The six systems of Indian philosophy are Nyaya, Vasiseshika, Sankhya, Yoga, Purva Mimamsa and Uttara Mimamsa. Each of these systems differs in one way or the other in terms of its concepts, phenomena, laws and dogmas. Each system has it’s own founder as well. It is important to know that the founders of these systems of philosophy are sages of the highest order that have devoted their lives for the study and propagation of philosophy. Each system of Indian philosophy is called a Darshana. Thus the Sanskrit word ‘Shad-Darshana’ refers to ‘the six systems of philosophy’.
The founder of the Nyaya system of philosophy is Gautama. Nyaya belongs to the category of Astika Darshanas. It is important to know that Astika Darshanas realize the significance of verbal testimony or the authority of the Vedas. Gautama is thought to have lived during the middle 5th century, BC. He is also called Akshapada.
All six systems of philosophy lay equal importance to “valid means of acquiring knowledge” called the ‘Pramanas’. Gautama was the first philosopher to stress the importance of the valid means of knowledge and hence the Nyaya system of philosophy is said to have laid the firm foundation to the development of the science of Hindu logic. Gautama’s Nyaya system of philosophy is also called by names such as Nyaya Sastra and Tarka Sastra.
The philosophical system of Nyaya accepts four Pramanas or valid means of acquiring knowledge. They are Pratyaksha (perception), Anumama (inference), Upamana (comparison) and Shabda (verbal testimony). Nyaya, like many other systems of philosophy aims at the attainment of liberation. According to them the attainment of Moksha which they call ‘Apavarga’ is the highest goal of human life. The attainment of Apavarga brings about the end of all the sufferings of human life. Nyaya Darshana accepts the existence of God. They call Him ‘Ishwara’ and say that He is the cause for the creation of the universe. He alone sustains it and destroys it as well. One of the most important views put forth by Gautama is about the theory of creation. According to him the universe is created by God with the help of the eternal atoms, time, individual minds, space and individual souls or jivas and ether. He does not create the universe out of Himself as pointed out by the other later systems of philosophy.
The founder of the Vaiseshika system of Indian philosophy is Kanada or Uluka. Hence it is also called Aulukya Darshana. It is important to know that the Vaiseshika system followed the Nyaya system very closely and hence experts in the study of philosophy often combine the two schools as Nyaya-Vaiseshika. The Vaiseshika system recognizes seven ‘Padarthas’ or categories which are: are substance, quality, action, generality, particularity, relation of inherence and non-existence. The followers of this system of philosophy also accept the existence of God and they say that He created, sustained and destroyed the universe. According to the Vaiseshika School of philosophy, the will of God is the cause for creation. Brahma is the very first product of the will of God and He does the second part of creation according to the merits and the demerits of the individual souls. He causes the combination of the moving atoms and thus is instrumental in the creation of the world. At the time of the dissolution of the universe the entire world is reduced to the primary state of the seven categories.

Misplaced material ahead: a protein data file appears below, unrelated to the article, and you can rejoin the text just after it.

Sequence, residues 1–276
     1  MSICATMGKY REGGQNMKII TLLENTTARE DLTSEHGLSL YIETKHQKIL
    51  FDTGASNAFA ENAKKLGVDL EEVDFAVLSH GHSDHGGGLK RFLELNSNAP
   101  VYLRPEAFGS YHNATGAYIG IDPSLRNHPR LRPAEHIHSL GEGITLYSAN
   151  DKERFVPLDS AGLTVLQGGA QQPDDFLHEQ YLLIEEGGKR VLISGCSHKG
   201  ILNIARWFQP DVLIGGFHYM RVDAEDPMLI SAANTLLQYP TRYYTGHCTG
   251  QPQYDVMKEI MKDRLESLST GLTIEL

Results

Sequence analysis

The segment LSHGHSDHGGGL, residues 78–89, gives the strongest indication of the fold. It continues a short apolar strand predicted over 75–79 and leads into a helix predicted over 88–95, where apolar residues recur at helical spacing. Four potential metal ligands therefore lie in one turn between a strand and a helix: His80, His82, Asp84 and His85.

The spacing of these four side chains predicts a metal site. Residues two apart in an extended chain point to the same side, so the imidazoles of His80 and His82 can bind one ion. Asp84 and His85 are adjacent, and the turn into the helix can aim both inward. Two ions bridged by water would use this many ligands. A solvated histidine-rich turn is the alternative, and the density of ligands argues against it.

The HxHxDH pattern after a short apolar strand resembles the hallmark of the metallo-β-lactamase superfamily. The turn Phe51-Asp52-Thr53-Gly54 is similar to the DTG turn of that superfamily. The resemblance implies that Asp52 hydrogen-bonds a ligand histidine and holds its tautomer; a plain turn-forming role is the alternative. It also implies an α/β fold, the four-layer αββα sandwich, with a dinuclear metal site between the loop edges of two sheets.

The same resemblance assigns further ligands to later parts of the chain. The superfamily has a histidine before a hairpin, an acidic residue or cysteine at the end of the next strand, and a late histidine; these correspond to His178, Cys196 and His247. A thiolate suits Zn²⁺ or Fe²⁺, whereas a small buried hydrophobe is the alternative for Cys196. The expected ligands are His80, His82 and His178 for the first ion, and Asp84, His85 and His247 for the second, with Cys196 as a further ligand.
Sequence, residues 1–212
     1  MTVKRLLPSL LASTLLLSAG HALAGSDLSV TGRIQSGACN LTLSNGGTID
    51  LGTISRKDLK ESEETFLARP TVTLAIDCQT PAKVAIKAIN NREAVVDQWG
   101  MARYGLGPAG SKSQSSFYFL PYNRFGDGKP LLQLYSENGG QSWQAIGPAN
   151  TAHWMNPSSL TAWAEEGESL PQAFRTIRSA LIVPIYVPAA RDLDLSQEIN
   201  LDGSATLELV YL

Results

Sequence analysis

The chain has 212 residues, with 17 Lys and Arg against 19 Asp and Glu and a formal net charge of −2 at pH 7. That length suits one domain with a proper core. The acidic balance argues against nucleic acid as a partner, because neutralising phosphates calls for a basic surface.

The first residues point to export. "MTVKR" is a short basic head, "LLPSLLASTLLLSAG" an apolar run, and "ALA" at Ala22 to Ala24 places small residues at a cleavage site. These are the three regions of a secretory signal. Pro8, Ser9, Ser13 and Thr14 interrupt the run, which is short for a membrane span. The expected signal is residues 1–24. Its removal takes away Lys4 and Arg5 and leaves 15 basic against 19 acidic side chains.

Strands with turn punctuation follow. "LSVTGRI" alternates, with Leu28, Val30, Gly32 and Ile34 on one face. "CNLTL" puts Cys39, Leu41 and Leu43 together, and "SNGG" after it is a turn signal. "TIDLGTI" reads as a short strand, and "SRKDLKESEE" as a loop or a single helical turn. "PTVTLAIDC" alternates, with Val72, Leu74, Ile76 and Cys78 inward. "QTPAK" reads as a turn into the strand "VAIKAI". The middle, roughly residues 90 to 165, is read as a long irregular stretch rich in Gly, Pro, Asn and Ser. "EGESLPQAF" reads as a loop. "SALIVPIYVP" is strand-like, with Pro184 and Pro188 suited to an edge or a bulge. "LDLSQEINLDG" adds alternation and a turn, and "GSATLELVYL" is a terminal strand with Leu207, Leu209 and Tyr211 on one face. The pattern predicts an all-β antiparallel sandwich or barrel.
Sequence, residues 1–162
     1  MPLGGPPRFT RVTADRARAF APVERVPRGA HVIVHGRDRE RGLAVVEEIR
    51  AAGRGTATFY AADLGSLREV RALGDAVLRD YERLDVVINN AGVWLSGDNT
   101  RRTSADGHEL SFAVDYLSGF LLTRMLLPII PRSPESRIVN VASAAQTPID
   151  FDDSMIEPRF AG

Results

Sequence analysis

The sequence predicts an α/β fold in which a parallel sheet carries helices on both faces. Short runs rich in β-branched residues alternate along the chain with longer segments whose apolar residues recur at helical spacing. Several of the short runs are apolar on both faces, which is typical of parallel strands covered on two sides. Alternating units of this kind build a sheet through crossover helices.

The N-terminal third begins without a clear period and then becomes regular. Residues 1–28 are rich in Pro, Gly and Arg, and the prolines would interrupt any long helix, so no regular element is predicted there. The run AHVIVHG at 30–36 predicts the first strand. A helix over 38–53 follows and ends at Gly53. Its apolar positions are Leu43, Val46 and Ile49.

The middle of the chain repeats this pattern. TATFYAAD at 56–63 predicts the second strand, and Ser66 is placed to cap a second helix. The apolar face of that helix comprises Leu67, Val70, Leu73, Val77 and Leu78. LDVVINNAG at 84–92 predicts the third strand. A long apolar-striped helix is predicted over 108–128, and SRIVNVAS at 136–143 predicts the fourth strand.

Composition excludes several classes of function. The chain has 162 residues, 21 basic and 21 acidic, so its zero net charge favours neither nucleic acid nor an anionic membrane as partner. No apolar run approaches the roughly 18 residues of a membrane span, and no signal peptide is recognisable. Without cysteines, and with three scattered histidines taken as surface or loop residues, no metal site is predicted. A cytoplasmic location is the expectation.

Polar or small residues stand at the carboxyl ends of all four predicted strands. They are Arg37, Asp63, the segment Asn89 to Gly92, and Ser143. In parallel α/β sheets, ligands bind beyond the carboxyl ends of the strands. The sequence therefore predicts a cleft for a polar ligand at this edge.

Sage Kapila founded the Sankhya system of philosophy. In fact it can be said that the Sankhya system laid the firm foundation for the Advaita Vedanta later on. Swami Vivekananda once said that the Vedanta system of Advaita owed a lot to Sage Kapila, the founder of the Sankhya system of philosophy. The dogmas put forth by Kapila were further expounded by his disciples Asuri and Panchashikha. The Sankhya Sutras compiled by Kapila were commented on later by Ishvara Krishna of the 5th Century AD. It is interesting to note that the Sankhya system accepts only three Pramanas or the valid means of acquiring knowledge. They accept Pratyaksha or perception, Anumana or inference and Shabda or verbal testimony. They don’t accept Upamana or comparison. Sankhaya accepts only two realities, namely, the Prakriti or the insentient nature and the Purusha or the soul. These two are eternal according to Kapila. According to the Sankhya system of philosophy, something can never be produced out of nothing. One can see the influence of the Nyaya system on the Sankhya system when it comes to the process of creation. Pleasure, pain and indifference are derived by the three ‘gunas’ or ‘qualities’, namely, Sattvaguna, Rajoguna and Tamoguna. Sattva guna gives rise to happiness or pleasure, Rajoguna produced pain and suffering whereas Tamoguna gives rise to inactivity.
The three qualities mentioned above reside in the Prakriti, a state of perfect balance. Kapila says that the entire universe is born out of the Prakriti or the primordial matter. Purusha on the other hand is as innumerable as there are living beings. Purusha is all-pervading and eternal. He is consciousness in its very essence. Sankhya believes in the creation of the universe as a result of the union between Prakriti and Purusha. Kapila describes an interesting process of evolution of the world. The very first evolute that issues forth from the Prakriti by the combination of the three gunas is the Mahat or the cosmic intellect. Cosmic ego is born out of the cosmic intellect. There are various evolutes issuing forth from the different parts of the cosmic ego characterized by the gunas. The mind, the five organs of knowledge like the eyes and the ears, the five cosmic organs of action like the hands and the feet and the five subtle elements like the water and earth. From the five subtle elements are born the five gross elements or Pancha Mahabhutas called earth, water, fire, air and ether. Thus 24 evolutes issue forth from Prakriti or the primordial matter. They are called 24 cosmic principles. According to the Sankhya system of philosophy, a dead person will not return back to the mortal world since he attains ‘Videhamukti’ a state of final liberation.